Mohammed Amin is Chairman of the Conservative Muslim Forum. He is writing in a personal capacity.
It is hard to deal with a problem such as radicalisation if you don’t really believe that it exists.
I spend a material proportion of my time addressing Muslim audiences and interacting with other Muslims on social media. I also read many blogs written by other Muslims.
In doing so, I regularly encounter widespread denial about the reality of radicalisation, as I wrote about in terrorism and denialism. I also encounter people downplaying the seriousness of attempts by British Muslims to commit acts of terrorism in the UK.
I have even had people tell me that the threat is overblown on the grounds that there have only been two acts of terrorism in the UK by Muslims causing fatalities. Such people are ignoring or minimising the many unsuccessful attempts at such terrorism.
If these attempts had succeeded there would have been carnage; they would have also led to a significant increase in hostility towards Muslims generally.
For illustrations, I suggest watching this video of my recent debate about Prevent in Bradford and this video of a panel event about extremism in London, in particular focusing on the mind-set shown by some of the questions from the floor. Another illustration of the denial of the problem is the group letter against the Prevent programme.
My own perspective is very different. Perhaps because I do not wish to delete them from my memory, as some other Muslims obviously do, I am acutely conscious of the many Muslims since 7 July 2005 who have featured in the newspapers as a result of being tried and convicted for attempted acts of terrorism.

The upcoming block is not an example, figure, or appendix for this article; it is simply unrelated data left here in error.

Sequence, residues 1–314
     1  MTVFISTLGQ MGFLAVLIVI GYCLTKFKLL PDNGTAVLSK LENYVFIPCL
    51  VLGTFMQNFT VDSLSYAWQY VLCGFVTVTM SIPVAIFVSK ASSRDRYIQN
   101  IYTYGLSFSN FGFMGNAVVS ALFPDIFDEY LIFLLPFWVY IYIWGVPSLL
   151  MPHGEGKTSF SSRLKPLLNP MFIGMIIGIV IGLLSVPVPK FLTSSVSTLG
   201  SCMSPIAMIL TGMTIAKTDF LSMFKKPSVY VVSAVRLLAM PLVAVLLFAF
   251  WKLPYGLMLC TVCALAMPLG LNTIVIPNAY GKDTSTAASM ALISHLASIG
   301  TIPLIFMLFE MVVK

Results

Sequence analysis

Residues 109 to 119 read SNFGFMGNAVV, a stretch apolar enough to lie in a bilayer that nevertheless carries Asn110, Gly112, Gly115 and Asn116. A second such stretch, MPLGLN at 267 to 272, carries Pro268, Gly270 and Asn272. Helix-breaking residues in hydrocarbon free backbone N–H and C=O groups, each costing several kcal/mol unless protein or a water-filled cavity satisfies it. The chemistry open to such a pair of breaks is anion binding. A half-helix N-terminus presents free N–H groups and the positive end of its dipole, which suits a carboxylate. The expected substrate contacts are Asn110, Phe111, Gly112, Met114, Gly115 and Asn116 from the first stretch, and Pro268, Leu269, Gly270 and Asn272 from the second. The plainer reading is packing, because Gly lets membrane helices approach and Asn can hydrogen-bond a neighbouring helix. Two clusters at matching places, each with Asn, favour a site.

I have also had the benefit of reading a number of expert witness reports which have been presented in terrorism trials, opining on Islamic theology and on the literature the accused have been reading.
The newspaper reports and other materials demonstrate consistency in the pathways which lead people to become radicalised. They leave no doubt that radicalisation is a real process. It is remarkable the extent to which people who are radicalised hold the same beliefs and read the same materials.
A modest proposal
I have a recommendation which would be cheap to implement and easy to do. Although I am not a lawyer, my expectation is that it would not need any legislation, either primary or secondary.
I would like the government to create a small section somewhere on its official website. Every terrorism trial that results in a conviction obviously involves a significant amount of evidence being presented in open court and an identifiable individual who is convicted and sentenced. For each such case, I would like the government to publish on its website section:
- Who has been convicted.
- What they were convicted of.
- The factual evidence presented in open court that led to their conviction.
- Any evidence from the trial material regarding how this individual was radicalised, what literature they were reading, what views they expressed etc.
I would “backfill” this website section with all terrorism convictions of Muslims as far back as the 7 July 2005 London bombings. Obviously in that sad case there were no convictions but the date provides a useful cut-off point.
The benefits from this proposal
The website section will demonstrate just how many such convictions there have been since mid-2005. That is important, because far too many people have a selective memory which forgets many of the instances of radicalised Muslims who have sought to do us harm.
It would also demonstrate the consistency of the pathways to radicalisation in a form that was easy to access. I do not expect many people to access this website section directly, but it would be an invaluable resource to people who are involved in the debates within British Muslim communities and also in wider society regarding the reality of radicalisation and the vital need for the Prevent programme.
The cost of space on the government website should be immaterial.
From my own experience of professional services, I believe that one individual within the Ministry of Justice should be sufficient to gradually populate this website since most of the materials needing uploading should already exist in electronic form.